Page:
more tweets, more vote – q&a and erratum
This week, there has been substantial media coverage of the More Tweets, More Votes paper, which was presented on Monday at the ASA meeting in New York. Scholars and campaign professionals have been asking questions about the draft of the paper, which can be found here. Since we have received many requests and clarifications, I will address comments through this blog post.
1. Your tweets/votes R-squared is small. The correlation between tweets and votes is actually really small when compared with other factors (such as incumbency).
Commenters have asked about the size of the twitter correlation in comparison with other models. First, no claim was made about this issue and it not relevant to the major point of the paper. The point of the paper is that social media has important information. This information may be correlated with other data. However, we can compare the twitter bivariate correlation with other correlations. The twitter correlation with Republican vote margin, for example, is .53. Incumbency has a correlation of .73 with vote margin. The proportion of people with a college education has a correlation of .15. Thus, the twitter measure is in the middle of the range of the variables we look at.
2. 404 out of 406?: In your SSRN draft, the analysis does not predict the winner in 404 out of 406 competitive races, which is what Fabio Rojas said in the WaPo op-ed. (http://www.washingtonpost.com/opinions/how-twitter-can-predict-an-election/2013/08/11/35ef885a-0108-11e3-96a8-d3b921c0924a_story.html?wpisrc=emailtoafriend)
A number of commenters have asked about the number of correctly predicted races. In the original paper, we do not perform this analysis. For the purposes of presenting the research to the public, we computed the rate of correct predictions (within the data), which was about 92.5%. I then multiplied this by all races (435). Therefore, the extrapolated number of correctly predicted races is 404 out of 435. If we use only the contested race subsample, we get 375 races out of 406 contested races. This is a correction of what I wrote in the op-ed, which accidentally combined these two estimates. The op-ed now contains the correction.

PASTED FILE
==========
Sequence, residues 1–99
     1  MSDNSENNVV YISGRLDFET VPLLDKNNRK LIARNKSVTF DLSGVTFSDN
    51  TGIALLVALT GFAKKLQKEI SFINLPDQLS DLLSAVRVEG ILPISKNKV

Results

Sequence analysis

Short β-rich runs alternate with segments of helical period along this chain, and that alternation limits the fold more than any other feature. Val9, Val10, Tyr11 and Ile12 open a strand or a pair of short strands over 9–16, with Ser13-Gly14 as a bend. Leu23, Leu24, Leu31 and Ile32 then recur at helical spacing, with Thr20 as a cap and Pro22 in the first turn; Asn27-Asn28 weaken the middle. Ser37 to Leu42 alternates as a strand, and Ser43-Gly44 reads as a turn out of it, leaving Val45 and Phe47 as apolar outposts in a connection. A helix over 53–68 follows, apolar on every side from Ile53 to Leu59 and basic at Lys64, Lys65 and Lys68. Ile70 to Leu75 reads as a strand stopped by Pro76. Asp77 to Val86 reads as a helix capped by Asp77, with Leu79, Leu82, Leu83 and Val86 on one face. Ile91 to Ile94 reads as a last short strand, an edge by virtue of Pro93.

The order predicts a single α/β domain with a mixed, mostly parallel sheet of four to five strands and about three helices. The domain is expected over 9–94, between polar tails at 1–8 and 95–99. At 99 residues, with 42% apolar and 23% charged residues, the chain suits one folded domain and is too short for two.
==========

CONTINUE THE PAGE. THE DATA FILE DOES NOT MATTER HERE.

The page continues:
3. You don’t predict an election. “[...] just in case someone is paying attention: You, Have, To, Predict, In, Advance. If you don’t want to follow my advice follow that of Lewis-Beck (2005):”the forecast must be made before the event. The farther in advance [...] the better”. Gayo-Avello (http://di002.edv.uniovi.es/~dani/PFCblog/)
Professor Gayo-Avello and other commenters have raised the issue of prediction. He is correct in that we didn’t use contemporary data to predict elections in the future. Rather, we use “predict” in the statistical sense. We use social media data to estimate a dependent variable within the sample.
4. The Pollyanna effect is unsubstantiated. There is no support to say negative tweets are a good thing for a candidate.
The Pollyana effect is merely a hypothesized explanation for what we find. It requires further research and study. We make no claim that it has been established.
5. Twitter user base is not representative of the population, self-selection bias, spam, propaganda, lack of geolocation of tweets.
A number of commenters have focused on the fact that we know little about the people who write tweets, nor do we estimate whether tweets are positive or negative. This is true, but the point of the paper is not to make an estimate of who people are, or to interpret what they say. Rather, it is simply to show that that social media contains informative signals of what people might do. Remarkably, the data shows a correlation even though Twitter users are not a random sample of the population. We are simply measuring the relative attention given to a political candidate.
6. Vote share is a more natural way than vote margin to analyze and present the results, as well as consistent with prior Political Science research. (http://themonkeycage.org/2013/04/24/the-tweets-votes-curve/)
Some readers noted that traditional political science uses vote share rather than vote margin. Our updated paper corrects that. The original paper is a non-peer reviewed draft. It is in the process of being corrected, updated, and revised for publication. Many of these criticisms have already been incorporated into the current draft of the paper, which will be published within the next few months.